“Paid ads help any promo business owner have an elevated presence online, and get in front of a targeted audience,” says Keshia Butler-Thomas, CEO of LCK Consulting Services (@keshiabutlerthomas). “For businesses that offer a custom service, making space for a paid ads campaign will ultimately help qualify buyers quicker, leading to increased sales.”
If you’ve decided this is the year to take your shop to the next level and blow past your competition, you’ll need to put together a budget for paid advertising. For those that may have thought about about it, but are still a little hesitant, here are some stats showing the impact paid ads can have on your business:
- 49% of online shoppers say they’re likely to buy from brands they see advertised on social media.
- 72% of B2B marketers, who use paid marketing channels online, use social media as a core marketing medium.
- The average Facebook user clicked at least 12 ads per month in 2020.
If you’ve never paid for advertising or used an agency to help you before, it can seem overwhelming to dive in. Today, we’re breaking down the steps we’ve gathered from the experts, that’ll help you allocate money towards your paid advertising budget.
Why Do I Need to Budget for Paid Advertising?
“Paid ads – or simply boosting relevant social media posts – are an effective way to drive traffic to your site, while getting eyes on your shop and offer,” says Lee Romano Sequeira, owner of OfftheVinePr.com. “The good news? Paid ads don’t need to cost a fortune. However, you need to use your dollars wisely to get the most bang for your buck.”
Many of Romano Sequeira’s social media clients are small businesses with limited budgets. When she writes and boosts social posts for clients, many people will “like” the post – a win, even if they don’t immediately buy. “Once they interact with your message, invite them to like the business page on Facebook or send a quick ‘hello’ on Instagram,” she says. “Then, you’ve made a new connection! So, with just a few dollars, you can add a prospect and market to them by consistently posting relevant content and adding them to your email list.”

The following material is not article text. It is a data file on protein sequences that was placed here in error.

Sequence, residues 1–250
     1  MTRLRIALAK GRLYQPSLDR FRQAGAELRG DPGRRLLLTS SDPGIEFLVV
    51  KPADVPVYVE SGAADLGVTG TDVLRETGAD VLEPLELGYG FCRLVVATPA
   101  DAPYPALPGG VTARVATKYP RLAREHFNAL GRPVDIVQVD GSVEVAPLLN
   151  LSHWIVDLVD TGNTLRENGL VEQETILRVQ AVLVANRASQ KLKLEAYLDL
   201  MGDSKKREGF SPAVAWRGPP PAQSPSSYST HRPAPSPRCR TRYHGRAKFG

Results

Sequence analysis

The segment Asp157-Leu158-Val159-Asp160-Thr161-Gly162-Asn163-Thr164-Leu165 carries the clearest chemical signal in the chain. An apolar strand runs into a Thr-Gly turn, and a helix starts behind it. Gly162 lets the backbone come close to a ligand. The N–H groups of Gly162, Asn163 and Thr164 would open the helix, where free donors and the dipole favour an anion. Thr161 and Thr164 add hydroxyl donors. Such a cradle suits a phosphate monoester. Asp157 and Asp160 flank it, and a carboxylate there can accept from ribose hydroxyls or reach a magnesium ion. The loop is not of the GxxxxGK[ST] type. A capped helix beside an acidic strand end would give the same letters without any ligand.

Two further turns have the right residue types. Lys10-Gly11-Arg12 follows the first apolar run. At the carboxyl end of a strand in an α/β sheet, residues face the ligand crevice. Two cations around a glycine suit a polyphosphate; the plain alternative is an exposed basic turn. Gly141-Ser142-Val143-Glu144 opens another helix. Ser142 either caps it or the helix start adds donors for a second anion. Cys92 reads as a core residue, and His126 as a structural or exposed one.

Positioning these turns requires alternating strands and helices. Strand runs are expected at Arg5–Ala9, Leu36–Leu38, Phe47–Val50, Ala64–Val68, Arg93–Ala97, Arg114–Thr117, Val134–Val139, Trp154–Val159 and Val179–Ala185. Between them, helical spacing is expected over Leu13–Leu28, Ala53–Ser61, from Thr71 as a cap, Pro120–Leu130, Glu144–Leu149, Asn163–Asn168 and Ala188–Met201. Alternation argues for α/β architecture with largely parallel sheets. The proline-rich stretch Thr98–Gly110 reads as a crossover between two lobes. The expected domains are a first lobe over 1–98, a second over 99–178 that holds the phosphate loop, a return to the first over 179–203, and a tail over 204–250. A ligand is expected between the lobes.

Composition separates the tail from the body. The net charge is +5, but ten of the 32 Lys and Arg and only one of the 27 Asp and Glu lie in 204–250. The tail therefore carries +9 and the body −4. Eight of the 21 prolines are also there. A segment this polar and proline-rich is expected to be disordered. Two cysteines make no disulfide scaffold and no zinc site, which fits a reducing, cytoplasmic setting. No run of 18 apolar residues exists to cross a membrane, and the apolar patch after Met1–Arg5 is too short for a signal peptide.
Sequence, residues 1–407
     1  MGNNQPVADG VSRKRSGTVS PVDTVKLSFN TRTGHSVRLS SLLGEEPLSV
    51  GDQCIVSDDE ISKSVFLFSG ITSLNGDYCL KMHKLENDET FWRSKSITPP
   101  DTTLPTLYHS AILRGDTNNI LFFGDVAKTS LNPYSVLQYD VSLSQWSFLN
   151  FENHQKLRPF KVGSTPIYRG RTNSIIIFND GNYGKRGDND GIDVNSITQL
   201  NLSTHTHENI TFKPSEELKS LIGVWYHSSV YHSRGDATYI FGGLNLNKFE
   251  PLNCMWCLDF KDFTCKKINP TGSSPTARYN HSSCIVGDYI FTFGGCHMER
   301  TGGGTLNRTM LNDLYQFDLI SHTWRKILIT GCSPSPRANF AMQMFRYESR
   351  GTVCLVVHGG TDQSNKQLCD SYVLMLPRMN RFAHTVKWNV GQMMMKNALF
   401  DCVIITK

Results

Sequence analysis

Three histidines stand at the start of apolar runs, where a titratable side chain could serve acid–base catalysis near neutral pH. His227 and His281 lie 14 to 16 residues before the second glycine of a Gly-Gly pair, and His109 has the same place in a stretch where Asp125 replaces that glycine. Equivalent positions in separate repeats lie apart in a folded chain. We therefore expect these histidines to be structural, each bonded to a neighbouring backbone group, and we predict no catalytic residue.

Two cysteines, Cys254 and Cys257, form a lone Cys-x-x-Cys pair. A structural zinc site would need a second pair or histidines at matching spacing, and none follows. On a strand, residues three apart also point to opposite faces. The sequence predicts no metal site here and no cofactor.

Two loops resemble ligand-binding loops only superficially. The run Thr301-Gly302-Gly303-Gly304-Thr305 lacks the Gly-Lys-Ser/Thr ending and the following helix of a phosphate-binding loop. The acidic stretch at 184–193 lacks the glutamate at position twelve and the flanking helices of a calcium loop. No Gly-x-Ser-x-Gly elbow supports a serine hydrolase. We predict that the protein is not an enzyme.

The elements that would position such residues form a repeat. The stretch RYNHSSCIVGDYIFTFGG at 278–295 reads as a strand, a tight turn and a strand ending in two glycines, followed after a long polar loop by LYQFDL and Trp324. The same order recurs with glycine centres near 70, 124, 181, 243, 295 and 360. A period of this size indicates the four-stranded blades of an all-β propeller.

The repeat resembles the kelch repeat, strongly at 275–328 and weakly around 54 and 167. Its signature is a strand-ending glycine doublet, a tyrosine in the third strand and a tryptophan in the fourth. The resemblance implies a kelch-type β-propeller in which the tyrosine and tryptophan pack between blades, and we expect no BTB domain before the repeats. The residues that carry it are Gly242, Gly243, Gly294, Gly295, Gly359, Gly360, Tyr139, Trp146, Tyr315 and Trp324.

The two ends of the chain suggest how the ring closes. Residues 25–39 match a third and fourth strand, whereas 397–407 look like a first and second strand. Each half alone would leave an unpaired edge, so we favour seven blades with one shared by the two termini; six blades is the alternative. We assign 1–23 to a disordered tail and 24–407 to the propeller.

The most important part of budgeting for paid ads is knowing how much you’ll need to spend for them to be effective. If you dive into paid advertising with unrealistic expectations for what you can afford, it’s easy to end up believing that paid ads don’t work. That’s why it’s critical to figure out how much your company can spend, what channels you want to invest in and how you’ll divide your overall budget. This way, you’ll know what you’re getting for your money and if the ads don’t help you reach your marketing goals, then you can adjust and rebound.
How Do I Figure Out What I Can Afford?
A general rule of thumb is to start with your profit margin for your average decorated-apparel order. Take the cost of your average order and subtract the ad costs associated with acquiring a new customer. If you’re new, don’t worry! Industry averages clock in between $100 and $150 per new client. If your average order profit margin is $150, you’ll probably want to spend less than $100 per new customer to stay profitable.
Next, how many new customers do you want to attract to define your budget? If it costs you about $100 to attract a new customer – and you want to bring in five new customers in a month – you need to spend $500 to come close to that goal.
How Do I Find Money for Paid Advertising?
If you already have a line item or section of your budget dedicated to marketing, start there. Determine what portion of the overall marketing pie you want to spend on paid advertising. We gave you a general formula above, but you can start anywhere. For example, if you want to start small and dip your toe in the water, start with 15% to 25% of your marketing budget.
“Even $5 will help if you’ve chosen a highly targeted audience on Facebook and can pinpoint it,” Romano Sequeira says. “Test the waters by experimenting with a few dollars here and there. Sometimes, besides an ad about your product or service, a relevant niche meme, photo or handy tip can bring in new fans.”